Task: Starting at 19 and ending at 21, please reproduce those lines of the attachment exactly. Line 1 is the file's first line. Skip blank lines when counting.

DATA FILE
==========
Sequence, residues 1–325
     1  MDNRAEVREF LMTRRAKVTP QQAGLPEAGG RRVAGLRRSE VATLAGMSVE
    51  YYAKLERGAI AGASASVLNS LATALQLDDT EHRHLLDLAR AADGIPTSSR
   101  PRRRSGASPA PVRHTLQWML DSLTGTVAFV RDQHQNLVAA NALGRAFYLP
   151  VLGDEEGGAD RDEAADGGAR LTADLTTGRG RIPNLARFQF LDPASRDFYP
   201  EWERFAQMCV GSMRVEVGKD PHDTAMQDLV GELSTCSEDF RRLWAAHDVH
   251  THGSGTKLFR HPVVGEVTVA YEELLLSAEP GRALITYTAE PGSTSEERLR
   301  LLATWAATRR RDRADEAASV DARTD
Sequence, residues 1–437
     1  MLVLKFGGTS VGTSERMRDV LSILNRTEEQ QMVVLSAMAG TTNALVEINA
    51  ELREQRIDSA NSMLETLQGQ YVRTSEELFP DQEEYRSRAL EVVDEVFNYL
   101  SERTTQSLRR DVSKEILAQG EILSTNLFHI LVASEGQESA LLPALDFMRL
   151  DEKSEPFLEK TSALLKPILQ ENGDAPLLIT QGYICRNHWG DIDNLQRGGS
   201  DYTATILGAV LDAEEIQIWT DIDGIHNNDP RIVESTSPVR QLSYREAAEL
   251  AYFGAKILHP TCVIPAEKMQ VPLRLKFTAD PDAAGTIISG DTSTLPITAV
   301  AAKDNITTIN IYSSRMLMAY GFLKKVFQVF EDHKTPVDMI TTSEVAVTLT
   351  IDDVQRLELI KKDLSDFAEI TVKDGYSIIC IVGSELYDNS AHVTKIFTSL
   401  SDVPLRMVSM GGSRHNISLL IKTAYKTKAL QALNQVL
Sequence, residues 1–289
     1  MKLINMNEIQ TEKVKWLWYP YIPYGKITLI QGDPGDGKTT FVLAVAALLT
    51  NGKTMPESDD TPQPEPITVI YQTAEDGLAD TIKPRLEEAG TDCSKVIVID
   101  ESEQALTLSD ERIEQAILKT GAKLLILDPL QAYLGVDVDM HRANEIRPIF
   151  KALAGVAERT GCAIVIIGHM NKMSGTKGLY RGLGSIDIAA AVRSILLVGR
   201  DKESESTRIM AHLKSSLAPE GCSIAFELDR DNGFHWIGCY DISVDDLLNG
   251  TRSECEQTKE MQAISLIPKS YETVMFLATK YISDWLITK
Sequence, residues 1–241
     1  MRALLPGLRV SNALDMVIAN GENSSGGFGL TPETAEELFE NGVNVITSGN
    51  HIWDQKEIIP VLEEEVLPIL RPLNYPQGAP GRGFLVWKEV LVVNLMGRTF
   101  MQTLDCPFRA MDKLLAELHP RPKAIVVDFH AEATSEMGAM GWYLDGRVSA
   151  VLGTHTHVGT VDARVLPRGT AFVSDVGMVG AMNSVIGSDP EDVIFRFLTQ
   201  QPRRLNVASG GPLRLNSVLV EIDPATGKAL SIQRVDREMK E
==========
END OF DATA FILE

Sequence, residues 1–289
     1  MKLINMNEIQ TEKVKWLWYP YIPYGKITLI QGDPGDGKTT FVLAVAALLT
    51  NGKTMPESDD TPQPEPITVI YQTAEDGLAD TIKPRLEEAG TDCSKVIVID